The Métis are the descendants of children born to European fur traders and their Native wives. They emerged as a specific cultural group already in the 17th century during the very early period of French colonialism in North America. They reflect the fact that the history of the settlement of the Canadian West includes the history of métissage. Métis live in-between the Western and Aboriginal worlds. They practiced transculturality as a way of life by incorporating aspects of French- and Anglo-Canadian and Native cultures. Their economic system was based on the buffalo hunt and farming. This mixed economy demanded a semi-nomadic life which resulted in a very distinct relationship to “land”. During the 19th century Euro-Canadian settlers perceived and represented Métis as white. Only since the repatriation of the Canadian Constitution in 1982, the Métis received recognition as a specific indigenous group. Today together with Canadian First Nations and Inuit, they belong to the constitutionally acknowledged group of Canadian Aboriginal peoples.
The political development of a distinct Métis nation during the 19th century – the ethnogenesis of the Métis – is connected to a specific geographic place in Canada: the Red River region in present day Manitoba. Historically the Red River Settlement is part of the Selkirk settlement, a colonization project set up in 1811 by Thomas Douglas, 5th Earl of Selkirk on 300,000 square kilometers of land at the confluence of the Red and Assiniboine Rivers (what is now downtown Winnipeg). This land was granted to him by the Hudson's Bay Company. The Selkirk Concession covered a territory that in portions consisted of present-day southern Manitoba, northern Minnesota, and eastern North Dakota, in addition to small parts of eastern Saskatchewan, northwestern Ontario, and northeastern South Dakota. Until the 1840s it was inhabited by First Nations, Métis and French-Canadian and Scottish fur traders. The Red River region was thus a multi-ethnic space.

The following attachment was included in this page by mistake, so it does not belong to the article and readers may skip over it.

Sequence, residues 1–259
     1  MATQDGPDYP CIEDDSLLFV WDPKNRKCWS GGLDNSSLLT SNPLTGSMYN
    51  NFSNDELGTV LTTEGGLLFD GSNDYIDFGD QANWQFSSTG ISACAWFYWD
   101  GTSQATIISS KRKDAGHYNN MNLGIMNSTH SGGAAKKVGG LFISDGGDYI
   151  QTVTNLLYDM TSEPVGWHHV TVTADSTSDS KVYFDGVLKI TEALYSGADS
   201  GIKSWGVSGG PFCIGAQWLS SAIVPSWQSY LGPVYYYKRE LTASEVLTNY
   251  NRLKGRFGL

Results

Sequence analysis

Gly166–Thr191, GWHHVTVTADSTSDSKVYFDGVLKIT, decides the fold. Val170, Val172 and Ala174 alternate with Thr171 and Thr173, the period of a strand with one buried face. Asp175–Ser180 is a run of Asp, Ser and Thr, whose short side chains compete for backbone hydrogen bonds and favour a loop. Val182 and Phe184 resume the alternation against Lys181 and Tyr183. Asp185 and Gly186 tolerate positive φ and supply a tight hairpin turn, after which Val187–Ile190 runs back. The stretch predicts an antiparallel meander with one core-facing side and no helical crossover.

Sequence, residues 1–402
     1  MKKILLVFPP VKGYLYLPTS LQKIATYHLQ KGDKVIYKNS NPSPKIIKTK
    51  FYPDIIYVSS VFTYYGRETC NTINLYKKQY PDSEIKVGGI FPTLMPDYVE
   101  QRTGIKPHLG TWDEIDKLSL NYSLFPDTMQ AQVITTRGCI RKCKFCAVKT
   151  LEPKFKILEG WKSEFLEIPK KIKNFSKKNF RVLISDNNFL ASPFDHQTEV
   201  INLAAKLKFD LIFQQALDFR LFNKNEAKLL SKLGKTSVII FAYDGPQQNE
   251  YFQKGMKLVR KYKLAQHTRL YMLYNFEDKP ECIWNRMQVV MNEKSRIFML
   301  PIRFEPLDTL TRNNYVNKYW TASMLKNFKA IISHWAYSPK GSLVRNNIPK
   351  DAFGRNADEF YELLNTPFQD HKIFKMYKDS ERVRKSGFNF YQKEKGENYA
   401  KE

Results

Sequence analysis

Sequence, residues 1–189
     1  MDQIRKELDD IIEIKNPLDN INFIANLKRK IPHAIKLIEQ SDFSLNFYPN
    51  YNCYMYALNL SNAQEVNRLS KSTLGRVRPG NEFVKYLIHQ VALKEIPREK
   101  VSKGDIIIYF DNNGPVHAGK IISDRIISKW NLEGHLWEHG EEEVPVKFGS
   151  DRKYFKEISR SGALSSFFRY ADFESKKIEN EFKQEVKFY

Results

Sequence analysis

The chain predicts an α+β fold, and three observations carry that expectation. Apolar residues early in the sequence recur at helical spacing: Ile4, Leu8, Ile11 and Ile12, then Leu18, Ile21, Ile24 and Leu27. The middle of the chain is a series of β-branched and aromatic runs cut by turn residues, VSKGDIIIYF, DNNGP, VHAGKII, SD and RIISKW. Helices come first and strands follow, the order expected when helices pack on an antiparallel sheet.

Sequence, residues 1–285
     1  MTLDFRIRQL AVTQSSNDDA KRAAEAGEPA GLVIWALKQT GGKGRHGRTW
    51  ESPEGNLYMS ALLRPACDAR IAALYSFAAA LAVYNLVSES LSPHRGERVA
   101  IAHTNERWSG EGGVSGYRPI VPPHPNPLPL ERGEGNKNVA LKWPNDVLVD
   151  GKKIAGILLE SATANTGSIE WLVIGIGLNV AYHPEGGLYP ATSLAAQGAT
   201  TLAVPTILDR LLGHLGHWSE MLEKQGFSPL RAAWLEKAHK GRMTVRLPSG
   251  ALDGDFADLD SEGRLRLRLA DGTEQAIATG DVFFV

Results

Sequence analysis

From 1840 to 1870, the social, cultural, and ecological living conditions of the Métis in the Red River region changed fundamentally. Canada’s development from a British colony to a Dominion within the British Empire/Commonwealth was accompanied by an accelerated Euro-Canadian settlement of the Canadian Prairies. The Red River Métis adapted quickly to the more and more Europeanized environment and at the same time developed a distinct way of life that was different from both First Nations traditions and Euro-Canadian practices. The Red River was thus transformed into a transcultural space conceived of as “Métis land”.
In Vorbereitung befindliche Forschungsprojekte
Mestiz*innen und Métissage (Dr. Lisa Schaub)
Métis Land and Identity (Dr. Lisa Schaub)
Métis Material Culture and Memory (Dr. Christoph Laugs)